I have to confess, I had absolutely no hope whatsoever that Paul Ryan as Speaker of the House would make our national politics any better than they were when John Boehner was Speaker of the House. On the other hand, even I'm surprised by the speed with which he's shattered whatever illusions the mainstream media might have tried to encourage a gullible electorate to have.
To begin with, there's the commitment to repeal Obamacare, which is certainly going to go nowhere for at least the next two years. And it doesn't even come with a commitment to "replace" it, which is not surprising, given that Ryan and his colleagues have no intention of doing so. After all, this is coming from a man who demanded that "family time" come with his new job, but has absolutely no intention of guaranteeing such time for the rest of us. Which, once again, makes it clear what the modern Republican Party is all about: not limited government, not personal responsibility, not fiscal sanity, not even family values, but power. Their power over the rest of us.
Unfortunately for the 11 million or more undocumented residents among us (more popularly known as "illegals"), "us" includes "them." And our new Speaker apparently has no intention of helping them either. His rationale: the President can't be trusted to enforce the law.
Calling this patent nonsense is a little bit like calling his position on family leave hypocrisy, i.e., too obvious for comment. Nevertheless, it's worth repeating a few basic points, as they would otherwise tend to get lost in the noise that masquerades nowadays as news coverage.
Ryan's assessment of the President's untrustworthiness is ridiculous. Everything Obama has done or proposed in the area of administrative relief is based on his lawfully-defined authority to extend prosecutorial discretion to the application of immigration law, based on current circumstances. As it turns out, one of those circumstances is the seeming unwillingness of Congress to consider any legislation that would address not only the plight of the 11 million, but more generally bring our immigration system in line with the demands of a world that is becoming more and more integrated all the time.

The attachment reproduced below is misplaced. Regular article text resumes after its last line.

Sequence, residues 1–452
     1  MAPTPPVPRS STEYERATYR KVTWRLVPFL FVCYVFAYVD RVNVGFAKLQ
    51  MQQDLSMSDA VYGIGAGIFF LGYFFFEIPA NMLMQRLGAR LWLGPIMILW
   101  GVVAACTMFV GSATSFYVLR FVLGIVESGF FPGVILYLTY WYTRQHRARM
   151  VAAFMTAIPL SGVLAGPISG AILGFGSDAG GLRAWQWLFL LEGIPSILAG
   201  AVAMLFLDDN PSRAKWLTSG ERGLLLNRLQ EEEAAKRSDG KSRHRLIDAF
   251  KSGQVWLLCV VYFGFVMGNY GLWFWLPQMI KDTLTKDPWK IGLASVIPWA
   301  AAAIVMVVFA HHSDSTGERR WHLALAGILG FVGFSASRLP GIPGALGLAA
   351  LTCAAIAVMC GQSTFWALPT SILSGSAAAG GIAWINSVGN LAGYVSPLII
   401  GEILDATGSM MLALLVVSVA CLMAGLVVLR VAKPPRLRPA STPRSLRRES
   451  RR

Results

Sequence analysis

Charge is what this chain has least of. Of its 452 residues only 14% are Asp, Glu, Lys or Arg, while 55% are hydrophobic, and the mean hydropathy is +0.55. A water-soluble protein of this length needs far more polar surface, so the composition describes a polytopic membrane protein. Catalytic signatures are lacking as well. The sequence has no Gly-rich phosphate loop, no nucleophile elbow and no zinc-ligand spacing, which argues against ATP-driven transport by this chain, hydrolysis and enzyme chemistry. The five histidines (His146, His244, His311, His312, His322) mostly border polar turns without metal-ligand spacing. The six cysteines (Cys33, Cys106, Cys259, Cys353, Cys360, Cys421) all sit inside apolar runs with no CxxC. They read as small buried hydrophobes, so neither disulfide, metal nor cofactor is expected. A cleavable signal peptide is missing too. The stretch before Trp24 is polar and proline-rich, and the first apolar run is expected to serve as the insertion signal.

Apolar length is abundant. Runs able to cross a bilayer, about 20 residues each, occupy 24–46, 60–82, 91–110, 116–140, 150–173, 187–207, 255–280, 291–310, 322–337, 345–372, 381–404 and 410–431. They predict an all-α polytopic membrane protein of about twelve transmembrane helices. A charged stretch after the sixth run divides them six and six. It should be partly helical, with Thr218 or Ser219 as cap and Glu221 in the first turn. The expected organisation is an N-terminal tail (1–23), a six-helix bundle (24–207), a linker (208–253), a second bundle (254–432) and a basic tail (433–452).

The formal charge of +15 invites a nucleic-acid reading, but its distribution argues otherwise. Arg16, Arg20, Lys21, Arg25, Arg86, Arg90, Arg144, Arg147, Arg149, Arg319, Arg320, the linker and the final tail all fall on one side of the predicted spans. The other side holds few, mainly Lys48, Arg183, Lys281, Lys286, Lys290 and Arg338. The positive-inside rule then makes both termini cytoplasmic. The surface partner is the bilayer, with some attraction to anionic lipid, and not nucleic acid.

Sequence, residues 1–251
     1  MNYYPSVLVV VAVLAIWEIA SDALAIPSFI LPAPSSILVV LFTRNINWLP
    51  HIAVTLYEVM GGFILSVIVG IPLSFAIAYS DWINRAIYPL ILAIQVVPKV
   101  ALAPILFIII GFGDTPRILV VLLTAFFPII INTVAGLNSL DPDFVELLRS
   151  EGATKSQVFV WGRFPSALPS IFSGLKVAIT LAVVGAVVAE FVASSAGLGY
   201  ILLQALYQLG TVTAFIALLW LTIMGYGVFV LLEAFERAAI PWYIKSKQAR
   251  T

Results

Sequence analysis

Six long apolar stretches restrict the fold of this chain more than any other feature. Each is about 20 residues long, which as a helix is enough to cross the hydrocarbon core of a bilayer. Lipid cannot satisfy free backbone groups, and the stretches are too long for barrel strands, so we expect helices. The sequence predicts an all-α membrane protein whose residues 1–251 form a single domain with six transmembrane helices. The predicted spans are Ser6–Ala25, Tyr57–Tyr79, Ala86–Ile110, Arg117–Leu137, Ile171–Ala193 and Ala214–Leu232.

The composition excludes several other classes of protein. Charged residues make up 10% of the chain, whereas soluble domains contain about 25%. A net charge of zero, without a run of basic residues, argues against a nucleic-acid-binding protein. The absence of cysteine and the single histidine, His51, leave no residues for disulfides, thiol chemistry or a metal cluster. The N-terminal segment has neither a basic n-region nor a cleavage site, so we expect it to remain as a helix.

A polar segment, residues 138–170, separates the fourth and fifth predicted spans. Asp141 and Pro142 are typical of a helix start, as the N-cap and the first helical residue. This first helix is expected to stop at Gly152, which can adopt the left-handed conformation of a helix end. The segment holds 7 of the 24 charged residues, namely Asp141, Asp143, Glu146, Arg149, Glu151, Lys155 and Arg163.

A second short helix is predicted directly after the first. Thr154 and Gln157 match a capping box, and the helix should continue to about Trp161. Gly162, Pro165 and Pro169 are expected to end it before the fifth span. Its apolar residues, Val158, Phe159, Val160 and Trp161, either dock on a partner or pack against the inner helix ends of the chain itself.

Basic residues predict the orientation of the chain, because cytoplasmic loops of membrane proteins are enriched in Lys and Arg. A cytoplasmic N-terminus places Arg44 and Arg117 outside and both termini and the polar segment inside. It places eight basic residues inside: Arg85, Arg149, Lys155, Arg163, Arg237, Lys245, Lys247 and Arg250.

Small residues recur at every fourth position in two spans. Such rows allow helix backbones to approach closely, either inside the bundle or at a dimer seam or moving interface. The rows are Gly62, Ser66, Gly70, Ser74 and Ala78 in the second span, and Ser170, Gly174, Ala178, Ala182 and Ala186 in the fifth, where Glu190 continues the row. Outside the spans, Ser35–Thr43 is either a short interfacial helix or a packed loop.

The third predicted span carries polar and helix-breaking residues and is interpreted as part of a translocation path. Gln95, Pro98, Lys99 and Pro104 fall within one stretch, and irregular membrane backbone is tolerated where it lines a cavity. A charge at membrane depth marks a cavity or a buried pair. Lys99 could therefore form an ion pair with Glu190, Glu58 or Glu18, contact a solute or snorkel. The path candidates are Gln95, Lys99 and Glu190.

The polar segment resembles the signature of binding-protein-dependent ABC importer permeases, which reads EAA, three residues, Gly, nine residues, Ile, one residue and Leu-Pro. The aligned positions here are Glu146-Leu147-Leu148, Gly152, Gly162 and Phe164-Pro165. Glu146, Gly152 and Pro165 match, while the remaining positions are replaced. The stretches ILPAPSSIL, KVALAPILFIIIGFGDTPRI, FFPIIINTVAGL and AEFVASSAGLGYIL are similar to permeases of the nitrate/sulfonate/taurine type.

And immigration is not, contrary to the way in which Republicans treat it, a stand-alone issue. Immigration affects every aspect of American life, and is inextricably link to every aspect of it. It is an economic issue, a national security issue, a research and development issue, a cultural issue, an educational issue, and yes, a family issue as well. Ryan's home state is no exception; immigration has a tremendous impact on Wisconsin, as it does on all 50 states.
Worst of all, Ryan was part of a House majority under Boehner that stubbornly refused to consider a comprehensive immigration bill that was passed by the Senate in 2013 with 68 Republican and Democratic votes. The House Republicans could have voted it down, debated it, amended it, and more generally used it to stake out a position on the issue. They pretended the issue didn't exist; that, as Republicans, they have the power to make reality disappear, and thereby gain more power as a result.
And, with the President's more recent administrative proposals on immigration, the fantasizing continues in the U.S. Fifth Circuit Court of Appeals, which is delaying a final decision on a suit against those proposals until an appeal to the Supreme Court can no longer be made it a timely way. The Court knows that the President is right, and further knows that the Supreme Court would have no choice but to come to the same conclusion. That's why they are sitting on the case rather than deciding it.
Whether in the courts or the Congress they control, Republicans have no alternative vision of what America should be, or how America should get there. They have no agenda, no vision, no principles at all except the maintenance of a corrupt status quo that favors their contributors over the rest of the nation. They are outnumbered, and in opposition to objective reality. And the way in which they have chosen to respond to this can only be described with one word: cowardice.
But that word doesn't just apply to Speaker Ryan, or the members of his Congressional majority ...